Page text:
In a previous article we highlighted the various ways in which sales and service functions can be broken. If you are on the receiving end, then you have a legitimate right to protest and demand that things be made better.
But some customers are troublesome for no good reason. They have been supplied with a good product or service at a good price, yet still they complain, demand more and even dish out abuse if they don’t get their own way.
How do those of us on the front line react to customers like this? We all try to be as professional as we can but it is human nature to be less inclined to help them. The more demanding they are and the more they behave as if your job and your business should revolve around them, the harder it is for them to get what they want.
Do not pass go
From a business perspective, such customers are often associated with disproportionately high servicing costs. Because they take up a lot more time and effort they are inherently of less value so, you guessed it, they are demoted down the priority list, whether officially or unofficially. Bad customers often get what they deserve.
So what has all this to do with supplier management? Well everything, because to a supplier you are the customer and the same principles apply. If you abuse your suppliers, the chances are that you will be getting less value from them than customers who treat them more fairly and professionally.
In some industries, such as retail, supplier abuse is institutional. The big guys at the top of the supply chain can get away with an exploitative approach, but you have to be extremely powerful to pull it off.
By contrast, most of those reading this probably work for organisations that are smaller and less powerful than many of their key suppliers or the same size. For them, institutional abuse is just plain bad business.
Supplier abuse can also stem from poor management of the basics. If you are disorganised in handling supplier quotes, orders, invoices and delivery notes, for example, you could end up chasing the supplier for goods you have already received, or being chased for late payment because you failed to match up documents correctly.
Not distinguishing between categories of supplier might result in pressing inappropriate terms on another party, causing conflict and delay. The problems are aggravated if you keep inadequate records and go on to repeat the same kinds of negotiation again and again, with pretty much the same outcomes.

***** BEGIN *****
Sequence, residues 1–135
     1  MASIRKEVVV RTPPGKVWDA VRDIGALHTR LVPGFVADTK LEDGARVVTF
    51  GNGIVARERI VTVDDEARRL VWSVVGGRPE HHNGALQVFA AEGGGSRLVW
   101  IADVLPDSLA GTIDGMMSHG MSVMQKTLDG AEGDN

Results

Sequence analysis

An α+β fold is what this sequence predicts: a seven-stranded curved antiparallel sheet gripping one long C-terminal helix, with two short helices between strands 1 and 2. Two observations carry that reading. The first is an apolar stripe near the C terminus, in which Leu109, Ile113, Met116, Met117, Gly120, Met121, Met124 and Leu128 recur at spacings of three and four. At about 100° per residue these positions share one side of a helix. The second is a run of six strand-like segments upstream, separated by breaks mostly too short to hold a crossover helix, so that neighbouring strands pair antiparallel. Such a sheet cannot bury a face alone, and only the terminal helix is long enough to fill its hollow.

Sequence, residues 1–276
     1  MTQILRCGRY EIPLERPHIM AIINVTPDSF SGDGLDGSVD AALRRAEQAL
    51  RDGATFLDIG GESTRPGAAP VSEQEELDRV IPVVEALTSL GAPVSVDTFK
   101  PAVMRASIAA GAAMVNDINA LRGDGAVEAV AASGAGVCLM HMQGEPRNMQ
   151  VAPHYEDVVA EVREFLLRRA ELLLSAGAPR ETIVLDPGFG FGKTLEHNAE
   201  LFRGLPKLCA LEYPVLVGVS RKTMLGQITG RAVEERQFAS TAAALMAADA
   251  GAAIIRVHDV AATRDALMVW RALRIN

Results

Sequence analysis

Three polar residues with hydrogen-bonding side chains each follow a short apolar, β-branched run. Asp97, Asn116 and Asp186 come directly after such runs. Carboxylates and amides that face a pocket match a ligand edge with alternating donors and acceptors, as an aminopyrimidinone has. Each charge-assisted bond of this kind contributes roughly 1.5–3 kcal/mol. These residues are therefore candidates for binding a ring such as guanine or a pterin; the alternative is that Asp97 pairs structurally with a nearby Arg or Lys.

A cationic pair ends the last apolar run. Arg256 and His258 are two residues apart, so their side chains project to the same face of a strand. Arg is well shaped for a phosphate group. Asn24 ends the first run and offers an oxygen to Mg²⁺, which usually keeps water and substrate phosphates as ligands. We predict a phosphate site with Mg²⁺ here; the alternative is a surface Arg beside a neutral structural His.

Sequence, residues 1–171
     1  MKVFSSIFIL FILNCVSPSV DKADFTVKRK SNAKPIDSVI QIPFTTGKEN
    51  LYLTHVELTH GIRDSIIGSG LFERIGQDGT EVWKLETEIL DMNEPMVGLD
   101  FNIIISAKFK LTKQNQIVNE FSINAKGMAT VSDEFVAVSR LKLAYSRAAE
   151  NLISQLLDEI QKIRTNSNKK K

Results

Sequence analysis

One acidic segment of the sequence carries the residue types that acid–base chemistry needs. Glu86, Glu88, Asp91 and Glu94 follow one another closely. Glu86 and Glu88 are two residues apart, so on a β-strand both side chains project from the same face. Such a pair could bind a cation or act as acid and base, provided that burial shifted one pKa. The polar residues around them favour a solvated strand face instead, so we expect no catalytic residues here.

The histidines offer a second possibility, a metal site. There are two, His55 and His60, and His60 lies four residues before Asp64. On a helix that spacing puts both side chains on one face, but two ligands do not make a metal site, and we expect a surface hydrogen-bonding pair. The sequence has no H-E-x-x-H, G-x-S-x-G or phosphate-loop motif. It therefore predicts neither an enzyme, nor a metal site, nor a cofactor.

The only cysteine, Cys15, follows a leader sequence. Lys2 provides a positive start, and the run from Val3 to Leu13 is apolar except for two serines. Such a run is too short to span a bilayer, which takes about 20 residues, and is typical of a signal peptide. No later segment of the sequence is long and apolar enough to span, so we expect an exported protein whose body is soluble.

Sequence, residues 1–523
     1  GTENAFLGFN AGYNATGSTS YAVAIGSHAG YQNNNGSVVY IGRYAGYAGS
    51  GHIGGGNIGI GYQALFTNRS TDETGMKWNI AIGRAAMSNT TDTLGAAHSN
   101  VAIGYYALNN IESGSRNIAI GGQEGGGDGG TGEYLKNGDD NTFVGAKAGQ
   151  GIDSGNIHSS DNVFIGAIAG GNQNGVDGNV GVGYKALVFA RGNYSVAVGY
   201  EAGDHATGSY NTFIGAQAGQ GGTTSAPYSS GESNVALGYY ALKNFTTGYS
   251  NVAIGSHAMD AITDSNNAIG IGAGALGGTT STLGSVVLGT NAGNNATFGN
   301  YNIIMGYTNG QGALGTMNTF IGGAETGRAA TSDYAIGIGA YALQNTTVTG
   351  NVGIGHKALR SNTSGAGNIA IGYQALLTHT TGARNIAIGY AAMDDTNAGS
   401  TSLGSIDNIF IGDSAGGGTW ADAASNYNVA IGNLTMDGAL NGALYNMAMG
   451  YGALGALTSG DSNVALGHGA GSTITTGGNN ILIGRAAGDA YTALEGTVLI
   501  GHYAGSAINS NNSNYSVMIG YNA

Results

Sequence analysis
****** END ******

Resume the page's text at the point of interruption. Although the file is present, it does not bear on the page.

But it is about recognising that the relationship part of the common term supplier relationship management (SRM) is extremely important. The point is that when you identify the good suppliers you want to work with, it is in your interests to be a good customer to them.
It also makes sense to identify suppliers that are particularly important to you and to be proactive in developing your relationship with them.
Some suppliers, for example, are important because you spend a lot of money with them, in which case you need to trade with each other in the best possible way – with the umbrella contracts, processes to deal with exceptions and escalations, and even systems integration so transactions and information can flow efficiently between the two organisations.
For strategic suppliers – those with which you have a collaborative relationship and possibly even look to for advice and guidance – it might even make sense to put a joint commercial plan in place.
Some of the most mature and successful relationships come about when customers think not only about their own interests, but ask themselves what they can do to help their suppliers meet their business objectives as well.
SRM is a huge and complex topic and we can only scratch the surface here. The primary message is that optimising the supplier-facing part of your business should not be purely about metrics.
Spreadsheets and fancy analytics have their place, but solid transactions and good old-fashioned relationship management are equally important.
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